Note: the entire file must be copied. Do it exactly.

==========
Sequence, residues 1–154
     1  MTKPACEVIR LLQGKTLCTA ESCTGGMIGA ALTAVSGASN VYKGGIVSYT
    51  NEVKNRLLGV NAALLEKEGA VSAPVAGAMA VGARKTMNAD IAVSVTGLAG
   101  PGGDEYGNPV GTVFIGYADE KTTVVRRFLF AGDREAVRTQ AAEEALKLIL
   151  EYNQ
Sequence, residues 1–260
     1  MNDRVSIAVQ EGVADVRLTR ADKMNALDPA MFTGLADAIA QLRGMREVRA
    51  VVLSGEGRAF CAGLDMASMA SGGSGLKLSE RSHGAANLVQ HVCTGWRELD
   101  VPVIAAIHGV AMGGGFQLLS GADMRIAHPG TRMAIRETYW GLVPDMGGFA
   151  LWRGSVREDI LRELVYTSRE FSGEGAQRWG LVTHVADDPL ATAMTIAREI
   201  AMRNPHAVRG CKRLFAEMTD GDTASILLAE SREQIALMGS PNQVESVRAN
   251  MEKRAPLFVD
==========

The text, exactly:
Sequence, residues 1–154
     1  MTKPACEVIR LLQGKTLCTA ESCTGGMIGA ALTAVSGASN VYKGGIVSYT
    51  NEVKNRLLGV NAALLEKEGA VSAPVAGAMA VGARKTMNAD IAVSVTGLAG
   101  PGGDEYGNPV GTVFIGYADE KTTVVRRFLF AGDREAVRTQ AAEEALKLIL
   151  EYNQ
Sequence, residues 1–260
     1  MNDRVSIAVQ EGVADVRLTR ADKMNALDPA MFTGLADAIA QLRGMREVRA
    51  VVLSGEGRAF CAGLDMASMA SGGSGLKLSE RSHGAANLVQ HVCTGWRELD
   101  VPVIAAIHGV AMGGGFQLLS GADMRIAHPG TRMAIRETYW GLVPDMGGFA
   151  LWRGSVREDI LRELVYTSRE FSGEGAQRWG LVTHVADDPL ATAMTIAREI
   201  AMRNPHAVRG CKRLFAEMTD GDTASILLAE SREQIALMGS PNQVESVRAN
   251  MEKRAPLFVD